Electroconvulsive therapy (ECT) is a psychiatric procedure in which brief electrical pulses are applied to the scalp to stimulate underlying brain cells. The brain cells directly stimulated by these pulses activate which, in turn, activate the brain, in general. During this period, called a “modified seizure,” numerous changes happen in the brain which can result in alleviation of certain psychiatric illness, including depression, catatonia, mania and schizophrenia. The procedure is performed under anesthesia using medications which help our patients sleep through the procedure and stay comfortable.
ECT is typically considered by patients who have tried and have had insufficient relief from at least two to three medication trials of sufficient duration. At times, ECT is considered early in a person’s treatment when symptoms are severe. Given ECT’s chance for success (for example, up to 80 percent of people with depression experience relief with ECT), it should not be considered a treatment of last resort, but incorporated into a person’s treatment when adequate relief of suffering has not been established with traditional therapies (e.g., medication trials).
ECT can be administered either on an inpatient or outpatient basis. Prior to initiating ECT, a person undergoes a consultation with one of our expert psychiatrists to talk about their illness, learn about what has been tried, talk about potential side effects and answer any questions. If a person chooses to incorporate ECT into their treatment, the next step would be routine medical clearance which consists of lab work, a physical exam and an EKG.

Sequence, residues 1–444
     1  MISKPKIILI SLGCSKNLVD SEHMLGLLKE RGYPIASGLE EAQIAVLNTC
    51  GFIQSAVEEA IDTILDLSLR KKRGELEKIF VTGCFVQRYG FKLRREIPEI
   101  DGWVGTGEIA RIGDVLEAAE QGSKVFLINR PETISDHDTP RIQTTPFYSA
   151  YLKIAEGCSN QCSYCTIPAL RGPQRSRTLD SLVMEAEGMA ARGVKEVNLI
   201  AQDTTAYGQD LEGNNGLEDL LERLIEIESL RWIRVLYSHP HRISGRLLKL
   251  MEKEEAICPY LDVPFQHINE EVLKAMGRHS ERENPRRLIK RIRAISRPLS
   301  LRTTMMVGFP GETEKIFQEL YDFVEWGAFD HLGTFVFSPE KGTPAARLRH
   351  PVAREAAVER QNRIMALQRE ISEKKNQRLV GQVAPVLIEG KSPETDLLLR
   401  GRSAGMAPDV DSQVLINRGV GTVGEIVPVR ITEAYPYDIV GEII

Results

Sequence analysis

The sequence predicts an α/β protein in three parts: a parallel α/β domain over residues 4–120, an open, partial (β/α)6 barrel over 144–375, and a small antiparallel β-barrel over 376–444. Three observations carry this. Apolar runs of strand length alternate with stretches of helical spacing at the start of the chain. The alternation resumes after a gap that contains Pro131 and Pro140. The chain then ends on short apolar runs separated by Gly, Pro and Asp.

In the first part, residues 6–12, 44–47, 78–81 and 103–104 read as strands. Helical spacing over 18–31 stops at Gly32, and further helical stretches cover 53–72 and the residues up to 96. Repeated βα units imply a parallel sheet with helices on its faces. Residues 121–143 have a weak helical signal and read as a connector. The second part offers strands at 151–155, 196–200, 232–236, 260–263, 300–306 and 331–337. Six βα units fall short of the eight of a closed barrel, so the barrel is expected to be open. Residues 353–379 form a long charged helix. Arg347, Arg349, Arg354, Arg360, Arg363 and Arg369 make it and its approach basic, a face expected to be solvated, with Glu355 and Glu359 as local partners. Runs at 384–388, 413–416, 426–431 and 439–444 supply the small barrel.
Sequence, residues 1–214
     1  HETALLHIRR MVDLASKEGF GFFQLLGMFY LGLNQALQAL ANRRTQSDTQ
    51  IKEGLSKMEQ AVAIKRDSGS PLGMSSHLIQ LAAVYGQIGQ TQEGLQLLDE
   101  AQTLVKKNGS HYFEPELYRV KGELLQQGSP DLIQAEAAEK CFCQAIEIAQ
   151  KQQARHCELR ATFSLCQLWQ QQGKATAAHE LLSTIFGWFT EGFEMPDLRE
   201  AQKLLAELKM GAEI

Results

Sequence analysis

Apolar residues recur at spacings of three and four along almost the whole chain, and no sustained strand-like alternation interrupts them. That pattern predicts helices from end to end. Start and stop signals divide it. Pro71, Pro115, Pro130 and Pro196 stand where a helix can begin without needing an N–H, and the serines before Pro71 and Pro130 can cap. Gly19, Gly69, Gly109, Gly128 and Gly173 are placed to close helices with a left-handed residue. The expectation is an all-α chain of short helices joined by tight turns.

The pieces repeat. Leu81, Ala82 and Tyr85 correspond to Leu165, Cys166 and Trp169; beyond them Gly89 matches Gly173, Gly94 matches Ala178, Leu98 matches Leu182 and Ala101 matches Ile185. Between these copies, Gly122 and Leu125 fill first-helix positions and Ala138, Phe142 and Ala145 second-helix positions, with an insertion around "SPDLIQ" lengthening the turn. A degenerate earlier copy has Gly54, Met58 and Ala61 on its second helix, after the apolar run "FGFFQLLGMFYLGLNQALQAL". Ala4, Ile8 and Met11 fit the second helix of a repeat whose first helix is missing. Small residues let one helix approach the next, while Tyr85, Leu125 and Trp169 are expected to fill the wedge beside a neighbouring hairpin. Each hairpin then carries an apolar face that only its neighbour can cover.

ECT is typically delivered twice a week or three times a week in a series of six to twelve treatments. If medically advised, some people choose to have a tapering course of ECT following the initial series of treatments and some go on to have “maintenance ECT,” which is ECT delivered on a regular schedule (e.g., once a month) to continue to treat symptoms.
As with any procedure, many people who incorporate ECT into their treatment have some anticipatory anxiety. While modern day ECT bears little resemblance to how it was practiced at its outset in the 1930s and no resemblance to how it is portrayed in many media depictions, it is normal to experience some anxiety. Our treatment approach is trauma informed, patient centered, collaborative and allied with you. We are happy to answer any questions to you help you understand the procedure and help you feel secure in your decision.
Target population – healthy adults (at least 18 years old) with treatment-resistant psychiatric illness that does not respond to traditional therapies
Eligibility interview – 1-hour long
Cost – ECT is covered by insurance
Outpatient Eligibility (in addition to general eligibility)
Discharge supervision– patients will need a responsible adult (friend or family member) to transport and supervise the patient upon discharge
Location – ECT is be performed at Brigham and Women’s Faulkner Hospital in the morning
Time allocation – While ECT is a relatively brief procedure (five to ten minutes), patients should allocate one to two hours to check in, have the procedure and recover.
Referral process – referrals must be made through the patient’s providing psychiatrist or nurse practitioner